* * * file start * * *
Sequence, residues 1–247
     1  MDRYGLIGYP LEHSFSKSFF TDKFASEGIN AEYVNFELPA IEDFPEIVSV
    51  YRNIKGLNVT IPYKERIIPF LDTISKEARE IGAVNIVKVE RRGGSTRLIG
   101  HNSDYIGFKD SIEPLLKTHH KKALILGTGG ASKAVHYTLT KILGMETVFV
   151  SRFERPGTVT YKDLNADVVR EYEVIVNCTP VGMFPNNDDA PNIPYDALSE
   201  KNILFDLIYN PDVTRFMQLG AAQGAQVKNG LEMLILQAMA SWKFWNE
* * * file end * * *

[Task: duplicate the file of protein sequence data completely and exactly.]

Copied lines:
Sequence, residues 1–247
     1  MDRYGLIGYP LEHSFSKSFF TDKFASEGIN AEYVNFELPA IEDFPEIVSV
    51  YRNIKGLNVT IPYKERIIPF LDTISKEARE IGAVNIVKVE RRGGSTRLIG
   101  HNSDYIGFKD SIEPLLKTHH KKALILGTGG ASKAVHYTLT KILGMETVFV
   151  SRFERPGTVT YKDLNADVVR EYEVIVNCTP VGMFPNNDDA PNIPYDALSE
   201  KNILFDLIYN PDVTRFMQLG AAQGAQVKNG LEMLILQAMA SWKFWNE